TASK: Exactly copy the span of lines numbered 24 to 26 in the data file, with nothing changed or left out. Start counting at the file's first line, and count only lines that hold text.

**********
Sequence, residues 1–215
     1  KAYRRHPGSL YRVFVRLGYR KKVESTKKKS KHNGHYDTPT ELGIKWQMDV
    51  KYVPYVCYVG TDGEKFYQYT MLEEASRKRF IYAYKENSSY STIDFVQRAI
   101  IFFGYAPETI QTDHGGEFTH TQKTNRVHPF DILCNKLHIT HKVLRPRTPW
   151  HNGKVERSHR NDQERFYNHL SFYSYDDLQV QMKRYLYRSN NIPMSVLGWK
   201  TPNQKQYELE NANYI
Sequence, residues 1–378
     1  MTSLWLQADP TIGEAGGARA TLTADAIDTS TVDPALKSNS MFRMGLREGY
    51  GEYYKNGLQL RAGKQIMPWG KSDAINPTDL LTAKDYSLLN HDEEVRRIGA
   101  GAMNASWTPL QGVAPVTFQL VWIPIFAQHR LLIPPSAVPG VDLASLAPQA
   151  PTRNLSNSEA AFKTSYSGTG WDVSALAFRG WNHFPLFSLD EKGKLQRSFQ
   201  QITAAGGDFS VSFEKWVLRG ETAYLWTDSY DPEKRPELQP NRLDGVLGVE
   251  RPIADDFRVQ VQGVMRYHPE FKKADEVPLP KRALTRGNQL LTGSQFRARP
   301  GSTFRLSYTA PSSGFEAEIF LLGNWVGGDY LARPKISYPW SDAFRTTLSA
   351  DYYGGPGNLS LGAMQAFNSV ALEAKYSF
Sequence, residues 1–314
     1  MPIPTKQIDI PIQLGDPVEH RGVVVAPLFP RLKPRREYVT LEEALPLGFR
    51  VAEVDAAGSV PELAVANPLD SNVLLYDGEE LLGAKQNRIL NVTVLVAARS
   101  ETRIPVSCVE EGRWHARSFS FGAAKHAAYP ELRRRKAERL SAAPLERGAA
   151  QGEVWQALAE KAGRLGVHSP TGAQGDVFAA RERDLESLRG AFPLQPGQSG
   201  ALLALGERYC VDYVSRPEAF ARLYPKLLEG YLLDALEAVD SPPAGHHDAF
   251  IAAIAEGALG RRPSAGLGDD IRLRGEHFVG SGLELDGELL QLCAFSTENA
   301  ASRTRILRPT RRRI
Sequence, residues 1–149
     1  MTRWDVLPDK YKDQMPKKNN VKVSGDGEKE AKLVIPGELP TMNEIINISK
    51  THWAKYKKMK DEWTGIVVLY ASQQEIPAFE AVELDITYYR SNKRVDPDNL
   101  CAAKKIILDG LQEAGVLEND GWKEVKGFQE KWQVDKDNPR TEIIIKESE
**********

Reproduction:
Sequence, residues 1–149
     1  MTRWDVLPDK YKDQMPKKNN VKVSGDGEKE AKLVIPGELP TMNEIINISK
    51  THWAKYKKMK DEWTGIVVLY ASQQEIPAFE AVELDITYYR SNKRVDPDNL